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Endoscopy. 2005 Sep;37(9):801-7.

Clinical evaluation of the use of the M2A patency capsule system before a capsule endoscopy procedure, in patients with known or suspected intestinal stenosis.

Author information

1
Department of Internal Medicine and Digestive Pathology, Hôpitaux de Brabois Adultes, CHU de Nancy, 54511 Vandoeuvre-les-Nancy, France. m.delvaux@chu-nancy.fr

Abstract

BACKGROUND AND STUDY AIM:

The main complication of video capsule endoscopy (VCE) is the blocking of the capsule by a gastrointestinal stenosis. The "patency capsule" is a self-dissolving capsule that is the same size as the video capsule. It contains a radiofrequency identification (RFID) tag that allows it to be detected by a scanning device placed on the abdominal wall. When its passage is blocked by a stenosis, the patency capsule dissolves in 40-80 hours after ingestion. The aim of this study was to evaluate the usefulness of this system in patients with suspected intestinal stenosis but also requiring VCE.

PATIENTS AND METHODS:

22 patients (16 men; 46 +/- 18 years; 15 with diagnosed or suspected Crohn's disease, two with suspected intestinal tumor, and two on nonsteroidal anti-inflammatory drugs) were first investigated with an abdominal CT plus enteroclysis (entero-CT, n = 15) or a small-bowel follow-through (SBFT, n = 7). The patency capsule was then administered at around 09.00 to fasting patients. The presence of the patency capsule in the digestive tract was assessed 30 hours later using the hand-held scanner. When the patency capsule was detected, a plain abdominal film was obtained, and this was repeated every 24 hours until capsule expulsion.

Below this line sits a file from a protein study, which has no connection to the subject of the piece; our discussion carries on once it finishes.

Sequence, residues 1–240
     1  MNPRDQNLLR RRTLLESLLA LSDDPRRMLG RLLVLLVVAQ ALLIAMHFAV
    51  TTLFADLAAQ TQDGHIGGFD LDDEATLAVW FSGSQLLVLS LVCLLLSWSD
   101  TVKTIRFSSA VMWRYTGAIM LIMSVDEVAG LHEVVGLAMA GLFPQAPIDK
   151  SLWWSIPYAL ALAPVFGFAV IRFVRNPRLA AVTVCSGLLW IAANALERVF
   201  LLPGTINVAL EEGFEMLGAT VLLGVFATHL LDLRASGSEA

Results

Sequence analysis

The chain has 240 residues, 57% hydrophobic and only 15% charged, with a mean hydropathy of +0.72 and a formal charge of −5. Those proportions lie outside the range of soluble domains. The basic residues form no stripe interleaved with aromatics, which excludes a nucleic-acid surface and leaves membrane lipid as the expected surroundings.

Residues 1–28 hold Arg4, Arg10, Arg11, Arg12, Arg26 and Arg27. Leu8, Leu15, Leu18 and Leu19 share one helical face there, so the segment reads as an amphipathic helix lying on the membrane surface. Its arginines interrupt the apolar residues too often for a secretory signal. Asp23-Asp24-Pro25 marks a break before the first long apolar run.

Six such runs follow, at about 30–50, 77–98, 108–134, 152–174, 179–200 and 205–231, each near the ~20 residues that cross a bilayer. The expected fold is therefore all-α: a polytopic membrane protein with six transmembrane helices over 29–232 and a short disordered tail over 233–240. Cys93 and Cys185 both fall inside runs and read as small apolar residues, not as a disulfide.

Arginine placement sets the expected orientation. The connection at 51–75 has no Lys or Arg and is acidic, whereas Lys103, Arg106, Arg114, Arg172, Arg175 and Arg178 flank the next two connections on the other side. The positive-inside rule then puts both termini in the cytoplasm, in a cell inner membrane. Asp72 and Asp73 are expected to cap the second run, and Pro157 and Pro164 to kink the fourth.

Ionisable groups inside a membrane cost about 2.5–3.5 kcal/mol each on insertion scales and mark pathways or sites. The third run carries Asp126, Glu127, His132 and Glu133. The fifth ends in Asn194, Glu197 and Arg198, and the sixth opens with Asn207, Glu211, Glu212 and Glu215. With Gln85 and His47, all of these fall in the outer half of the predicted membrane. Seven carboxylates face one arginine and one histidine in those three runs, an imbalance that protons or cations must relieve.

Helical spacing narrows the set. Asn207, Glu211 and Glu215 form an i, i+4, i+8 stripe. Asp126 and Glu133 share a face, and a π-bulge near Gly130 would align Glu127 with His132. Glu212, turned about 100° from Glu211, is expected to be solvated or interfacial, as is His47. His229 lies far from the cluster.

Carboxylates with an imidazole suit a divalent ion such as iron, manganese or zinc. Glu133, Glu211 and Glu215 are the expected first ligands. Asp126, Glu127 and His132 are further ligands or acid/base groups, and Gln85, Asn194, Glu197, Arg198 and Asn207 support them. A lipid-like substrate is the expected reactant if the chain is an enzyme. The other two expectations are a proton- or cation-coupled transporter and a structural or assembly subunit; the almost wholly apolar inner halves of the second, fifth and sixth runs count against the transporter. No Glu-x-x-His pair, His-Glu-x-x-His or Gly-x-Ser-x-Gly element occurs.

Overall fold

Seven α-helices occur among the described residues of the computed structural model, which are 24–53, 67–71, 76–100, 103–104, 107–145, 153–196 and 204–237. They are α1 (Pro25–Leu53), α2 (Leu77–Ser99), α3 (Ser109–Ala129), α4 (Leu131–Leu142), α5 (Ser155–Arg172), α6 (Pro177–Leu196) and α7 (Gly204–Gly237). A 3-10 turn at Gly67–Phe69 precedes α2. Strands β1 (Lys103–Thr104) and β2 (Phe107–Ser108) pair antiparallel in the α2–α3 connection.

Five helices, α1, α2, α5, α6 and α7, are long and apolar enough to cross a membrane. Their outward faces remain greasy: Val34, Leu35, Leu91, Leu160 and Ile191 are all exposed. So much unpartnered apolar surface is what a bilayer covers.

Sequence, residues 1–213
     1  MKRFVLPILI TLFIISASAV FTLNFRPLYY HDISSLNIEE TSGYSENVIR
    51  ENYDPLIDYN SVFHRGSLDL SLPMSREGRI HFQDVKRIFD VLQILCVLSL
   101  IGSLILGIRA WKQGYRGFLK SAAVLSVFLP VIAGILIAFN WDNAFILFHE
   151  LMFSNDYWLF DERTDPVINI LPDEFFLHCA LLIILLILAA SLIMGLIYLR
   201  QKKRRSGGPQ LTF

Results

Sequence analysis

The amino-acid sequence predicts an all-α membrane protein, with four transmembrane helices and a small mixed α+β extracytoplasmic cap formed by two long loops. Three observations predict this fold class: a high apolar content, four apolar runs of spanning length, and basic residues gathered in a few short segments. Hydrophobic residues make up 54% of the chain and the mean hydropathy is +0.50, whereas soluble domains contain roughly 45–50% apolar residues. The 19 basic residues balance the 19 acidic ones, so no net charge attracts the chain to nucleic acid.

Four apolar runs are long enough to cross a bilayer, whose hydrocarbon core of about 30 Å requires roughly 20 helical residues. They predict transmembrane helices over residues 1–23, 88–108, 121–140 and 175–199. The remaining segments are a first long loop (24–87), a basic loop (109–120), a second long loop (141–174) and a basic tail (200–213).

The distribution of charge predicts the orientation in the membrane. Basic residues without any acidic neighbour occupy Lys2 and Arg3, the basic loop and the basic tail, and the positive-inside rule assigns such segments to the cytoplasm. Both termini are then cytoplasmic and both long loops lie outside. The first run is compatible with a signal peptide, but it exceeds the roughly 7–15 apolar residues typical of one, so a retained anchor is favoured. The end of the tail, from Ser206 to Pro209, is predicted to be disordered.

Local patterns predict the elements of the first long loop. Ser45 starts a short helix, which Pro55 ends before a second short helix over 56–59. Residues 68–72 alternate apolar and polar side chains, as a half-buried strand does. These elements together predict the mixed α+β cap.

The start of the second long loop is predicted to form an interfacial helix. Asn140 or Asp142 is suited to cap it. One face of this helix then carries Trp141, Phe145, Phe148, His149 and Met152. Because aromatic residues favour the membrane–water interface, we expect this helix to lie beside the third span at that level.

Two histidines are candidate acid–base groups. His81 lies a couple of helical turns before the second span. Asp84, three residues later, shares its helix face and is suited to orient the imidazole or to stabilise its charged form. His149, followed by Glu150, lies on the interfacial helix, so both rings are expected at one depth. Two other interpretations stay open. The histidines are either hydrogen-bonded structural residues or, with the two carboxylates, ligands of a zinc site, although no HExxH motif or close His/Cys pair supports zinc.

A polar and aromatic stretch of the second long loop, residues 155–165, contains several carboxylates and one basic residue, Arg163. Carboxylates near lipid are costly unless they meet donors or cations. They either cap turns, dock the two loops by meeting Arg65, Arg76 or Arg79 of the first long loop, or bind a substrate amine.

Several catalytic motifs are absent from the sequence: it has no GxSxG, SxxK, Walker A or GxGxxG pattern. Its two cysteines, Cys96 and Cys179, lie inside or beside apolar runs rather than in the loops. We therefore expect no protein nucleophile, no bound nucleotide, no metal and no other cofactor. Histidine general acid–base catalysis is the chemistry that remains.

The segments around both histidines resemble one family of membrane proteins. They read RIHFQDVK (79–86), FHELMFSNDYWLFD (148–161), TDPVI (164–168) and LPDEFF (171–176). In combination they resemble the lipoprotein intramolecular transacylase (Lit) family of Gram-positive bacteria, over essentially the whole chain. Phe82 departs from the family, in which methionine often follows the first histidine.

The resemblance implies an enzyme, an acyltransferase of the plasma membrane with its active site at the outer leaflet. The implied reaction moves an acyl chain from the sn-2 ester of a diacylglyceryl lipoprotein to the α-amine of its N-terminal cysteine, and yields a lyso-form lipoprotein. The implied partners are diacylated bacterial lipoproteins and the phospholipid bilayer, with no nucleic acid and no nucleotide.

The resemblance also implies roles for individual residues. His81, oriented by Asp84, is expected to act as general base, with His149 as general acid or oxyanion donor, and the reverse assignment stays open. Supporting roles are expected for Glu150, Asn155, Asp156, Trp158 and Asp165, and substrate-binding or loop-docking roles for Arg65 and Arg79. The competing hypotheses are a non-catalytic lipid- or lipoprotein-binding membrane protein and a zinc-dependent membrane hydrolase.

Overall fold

RESULTS:

At 30 hours after ingestion, the patency capsule was detected in 17 patients (72.3 %): in the area of the small intestine (n = 6) and in the colon (n = 11). In all the patients in whom the capsule was blocked in the small intestine, the stenosis had been suspected on CT or SBFT. In three patients, the delay in progression of the patency capsule led to cancellation of the VCE procedure. In three patients, the patency capsule induced a symptomatic intestinal occlusion, which resolved spontaneously in one and required emergency surgery in two. Although these two patients would have been obliged to undergo operation for their primary disease in any case, the procedure had to be brought forward. In one patient, the capsule passed through the stenosis without symptoms. All patients in whom the progression of the patency capsule was delayed had an established or suspected diagnosis of Crohn's disease.

CONCLUSIONS:

The current technical development of the patency capsule limits its use in clinical practice, as it did not detect stenoses undiagnosed by CT or SBFT. The start of dissolution at 40 hours after ingestion is too slow to prevent episodes of intestinal occlusion. Patients with Crohn's disease are most likely to be at risk of blockage of progression of the capsule and should benefit from a CT investigation before VCE. However, a careful interview eliciting the patient's medical history and symptoms remains the most useful indicator with regard to suspicion of an intestinal stenosis.

PMID:
16116529
DOI:
10.1055/s-2005-870241
[Indexed for MEDLINE]

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